In addition to the main signs that I easily noticed above, a goat in labor may "bag up" or their udder will fill in to the point of being very tight and possibly even shiny in appearance.  This didn't happen with either of mine so it isn't a tell tale sign.

The does tail may take on a strange angle.

They may stare off into space, or be very loving and affectionate.


Longer, thicker string of amber colored mucous.
This is the amniotic fluid.
One doe wanted to stand, the other wanted to lay down.  It all depends on the doe.  It wasn't long after the mucous, or "plug", appeared that the does each began to push.  If you observe the abdomen, you can see the entire belly raise with each contraction, usually resulting in a large bleat by the goat.

If everything happens as it's supposed to, both hooves will present first along with a little nose and a precious pink tongue.

My first kid presented nose first. which sent me into a small panic.  If I learned anything from that first baby, it was to immediately "break the bag"  and begin suctioning that little nose and mouth.  Suction, suction, wipe, and more suction.  Let the mom handle the pushing.  It is possible for the doe to deliver successfully this way.  If the doe seems to be in distress or is not progressing after 20 minutes or so, then you'll need to contact your vet or "go in" to bring the legs forward.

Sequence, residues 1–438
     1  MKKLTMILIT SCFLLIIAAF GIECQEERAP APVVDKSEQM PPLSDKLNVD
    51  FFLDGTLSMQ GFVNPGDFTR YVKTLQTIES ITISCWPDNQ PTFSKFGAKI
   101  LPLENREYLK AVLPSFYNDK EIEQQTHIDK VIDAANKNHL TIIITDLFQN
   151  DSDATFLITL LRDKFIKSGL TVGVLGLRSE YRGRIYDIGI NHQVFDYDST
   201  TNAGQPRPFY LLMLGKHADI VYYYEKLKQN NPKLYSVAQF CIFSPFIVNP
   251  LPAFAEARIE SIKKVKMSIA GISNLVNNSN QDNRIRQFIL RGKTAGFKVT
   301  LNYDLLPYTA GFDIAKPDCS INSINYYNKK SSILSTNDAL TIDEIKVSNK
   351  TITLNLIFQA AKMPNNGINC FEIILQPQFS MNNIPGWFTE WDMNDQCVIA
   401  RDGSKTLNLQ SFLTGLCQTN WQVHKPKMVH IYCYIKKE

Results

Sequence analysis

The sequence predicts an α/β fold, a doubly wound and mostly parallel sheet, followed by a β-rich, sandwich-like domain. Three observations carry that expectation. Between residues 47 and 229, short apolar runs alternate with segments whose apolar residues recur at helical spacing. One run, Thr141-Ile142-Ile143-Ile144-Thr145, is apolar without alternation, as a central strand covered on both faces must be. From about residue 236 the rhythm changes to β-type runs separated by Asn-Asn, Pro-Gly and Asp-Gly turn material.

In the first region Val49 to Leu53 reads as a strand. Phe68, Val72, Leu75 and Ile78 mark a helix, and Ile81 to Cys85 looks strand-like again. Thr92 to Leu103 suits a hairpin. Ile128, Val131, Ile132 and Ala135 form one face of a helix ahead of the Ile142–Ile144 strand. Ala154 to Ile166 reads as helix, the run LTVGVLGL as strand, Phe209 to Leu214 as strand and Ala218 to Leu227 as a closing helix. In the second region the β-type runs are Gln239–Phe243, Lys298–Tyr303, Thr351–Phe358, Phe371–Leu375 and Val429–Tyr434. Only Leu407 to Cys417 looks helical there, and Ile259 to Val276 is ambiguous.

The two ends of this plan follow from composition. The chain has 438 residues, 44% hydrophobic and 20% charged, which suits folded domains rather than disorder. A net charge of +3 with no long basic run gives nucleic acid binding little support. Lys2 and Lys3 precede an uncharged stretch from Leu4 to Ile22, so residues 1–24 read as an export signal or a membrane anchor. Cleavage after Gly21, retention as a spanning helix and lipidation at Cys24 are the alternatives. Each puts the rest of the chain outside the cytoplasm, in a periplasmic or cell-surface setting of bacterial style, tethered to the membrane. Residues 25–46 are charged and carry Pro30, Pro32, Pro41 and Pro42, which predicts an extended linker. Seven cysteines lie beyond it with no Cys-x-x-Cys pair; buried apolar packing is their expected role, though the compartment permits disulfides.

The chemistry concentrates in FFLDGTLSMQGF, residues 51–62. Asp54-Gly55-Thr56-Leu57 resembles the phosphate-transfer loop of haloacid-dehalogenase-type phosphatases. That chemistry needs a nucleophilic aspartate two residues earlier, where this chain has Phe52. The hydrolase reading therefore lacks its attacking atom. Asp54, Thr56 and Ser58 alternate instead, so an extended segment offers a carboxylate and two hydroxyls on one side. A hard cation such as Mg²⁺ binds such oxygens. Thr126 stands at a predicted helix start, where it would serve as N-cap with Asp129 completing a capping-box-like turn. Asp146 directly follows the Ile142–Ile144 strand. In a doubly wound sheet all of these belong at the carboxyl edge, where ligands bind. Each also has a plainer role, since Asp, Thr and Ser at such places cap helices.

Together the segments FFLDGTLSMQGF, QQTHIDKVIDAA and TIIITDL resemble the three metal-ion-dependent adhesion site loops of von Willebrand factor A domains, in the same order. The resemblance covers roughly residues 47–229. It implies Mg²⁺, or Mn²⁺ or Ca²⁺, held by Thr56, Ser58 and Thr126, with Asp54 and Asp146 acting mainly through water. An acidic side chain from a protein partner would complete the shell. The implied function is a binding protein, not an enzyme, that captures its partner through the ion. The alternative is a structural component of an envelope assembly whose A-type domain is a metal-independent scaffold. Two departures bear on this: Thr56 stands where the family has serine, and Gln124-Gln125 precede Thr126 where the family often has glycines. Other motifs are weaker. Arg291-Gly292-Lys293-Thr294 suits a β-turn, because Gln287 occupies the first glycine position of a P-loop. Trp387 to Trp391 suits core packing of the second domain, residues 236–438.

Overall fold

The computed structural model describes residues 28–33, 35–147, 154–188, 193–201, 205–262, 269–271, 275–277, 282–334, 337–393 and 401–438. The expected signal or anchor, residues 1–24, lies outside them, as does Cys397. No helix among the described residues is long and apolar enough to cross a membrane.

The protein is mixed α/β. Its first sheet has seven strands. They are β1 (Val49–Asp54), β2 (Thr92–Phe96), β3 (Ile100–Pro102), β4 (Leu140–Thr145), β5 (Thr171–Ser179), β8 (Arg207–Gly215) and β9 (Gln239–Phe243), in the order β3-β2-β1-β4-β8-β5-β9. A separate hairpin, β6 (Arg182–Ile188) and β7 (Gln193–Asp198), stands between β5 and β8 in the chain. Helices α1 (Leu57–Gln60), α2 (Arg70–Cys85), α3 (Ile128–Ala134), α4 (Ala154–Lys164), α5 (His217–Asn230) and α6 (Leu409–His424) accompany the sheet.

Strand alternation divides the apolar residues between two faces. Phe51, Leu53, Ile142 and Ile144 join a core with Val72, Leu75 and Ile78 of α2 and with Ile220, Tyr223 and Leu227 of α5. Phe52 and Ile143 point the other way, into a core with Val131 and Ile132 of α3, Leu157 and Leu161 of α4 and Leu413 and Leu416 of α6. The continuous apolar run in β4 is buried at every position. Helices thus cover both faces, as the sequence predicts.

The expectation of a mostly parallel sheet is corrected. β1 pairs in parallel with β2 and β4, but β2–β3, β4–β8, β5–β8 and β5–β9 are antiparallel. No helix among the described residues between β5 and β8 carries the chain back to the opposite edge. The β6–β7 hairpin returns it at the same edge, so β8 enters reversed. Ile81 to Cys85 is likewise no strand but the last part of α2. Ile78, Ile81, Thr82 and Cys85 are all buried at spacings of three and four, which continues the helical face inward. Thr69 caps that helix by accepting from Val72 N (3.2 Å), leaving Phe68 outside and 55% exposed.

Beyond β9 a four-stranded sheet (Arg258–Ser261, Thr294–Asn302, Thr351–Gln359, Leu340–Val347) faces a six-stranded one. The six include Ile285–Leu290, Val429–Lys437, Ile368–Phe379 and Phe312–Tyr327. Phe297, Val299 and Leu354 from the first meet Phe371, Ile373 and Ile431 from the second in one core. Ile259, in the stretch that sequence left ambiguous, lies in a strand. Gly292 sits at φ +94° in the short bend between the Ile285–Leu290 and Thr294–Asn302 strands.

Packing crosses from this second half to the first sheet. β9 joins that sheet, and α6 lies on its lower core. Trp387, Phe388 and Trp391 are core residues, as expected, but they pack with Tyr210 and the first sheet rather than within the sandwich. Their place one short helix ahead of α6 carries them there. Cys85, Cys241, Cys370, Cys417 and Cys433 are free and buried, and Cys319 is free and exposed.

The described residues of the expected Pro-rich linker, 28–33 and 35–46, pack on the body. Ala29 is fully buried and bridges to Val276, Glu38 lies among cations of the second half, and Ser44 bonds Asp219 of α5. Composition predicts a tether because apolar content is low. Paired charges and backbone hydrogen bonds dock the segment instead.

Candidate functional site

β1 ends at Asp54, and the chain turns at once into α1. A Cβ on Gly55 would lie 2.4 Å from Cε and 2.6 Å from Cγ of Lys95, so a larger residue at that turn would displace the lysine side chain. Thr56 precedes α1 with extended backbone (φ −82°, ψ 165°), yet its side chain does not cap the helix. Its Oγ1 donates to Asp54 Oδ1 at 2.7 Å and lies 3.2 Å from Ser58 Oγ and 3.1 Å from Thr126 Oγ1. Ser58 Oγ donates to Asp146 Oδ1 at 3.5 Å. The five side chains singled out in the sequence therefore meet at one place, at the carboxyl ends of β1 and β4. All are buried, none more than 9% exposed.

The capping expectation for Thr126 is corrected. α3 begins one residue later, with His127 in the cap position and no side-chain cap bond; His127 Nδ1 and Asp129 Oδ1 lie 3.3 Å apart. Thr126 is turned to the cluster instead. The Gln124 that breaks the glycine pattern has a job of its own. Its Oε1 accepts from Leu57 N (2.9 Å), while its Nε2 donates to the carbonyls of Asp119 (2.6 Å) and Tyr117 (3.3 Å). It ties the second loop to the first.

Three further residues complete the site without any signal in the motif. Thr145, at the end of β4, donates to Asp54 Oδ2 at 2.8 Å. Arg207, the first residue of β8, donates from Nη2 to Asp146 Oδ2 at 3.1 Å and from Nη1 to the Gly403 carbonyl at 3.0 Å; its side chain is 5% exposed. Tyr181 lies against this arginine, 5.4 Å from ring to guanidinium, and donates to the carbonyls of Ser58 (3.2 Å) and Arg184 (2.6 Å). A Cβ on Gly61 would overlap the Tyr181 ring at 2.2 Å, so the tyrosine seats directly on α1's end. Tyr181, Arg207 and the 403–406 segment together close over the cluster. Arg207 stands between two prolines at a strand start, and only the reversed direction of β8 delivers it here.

When that first baby finally came out, I spent so much time working on him that I didn't realize that 3 more pretty much "fell" out behind me.  I immediately went through and broke all of their bags and cleared their faces, held them upside down to drain any additional fluids and then laid them on puppy pads so they didn't get tarred and feathered in pine shavings.  I then moved them in front of momma so she could clean them.

After the Kidding Care for Kids

After the kidding (breaking the bags, clearing faces, suctioning, and allowing mom to clean them for a few minutes) I took each baby one by one and dipped their umbilical cord in iodine.  I tilted them back a little so to get the iodine right up to their belly.  A dear friend of mine showed me that it isn't necessary to tie them off.  Umbilical cords have very small veins in them and if you cut them (without tying them off properly) they could bleed.  She showed me that to shorten the umbilical cord you simply tear it, this way the veins retract on themselves thus creating a seal.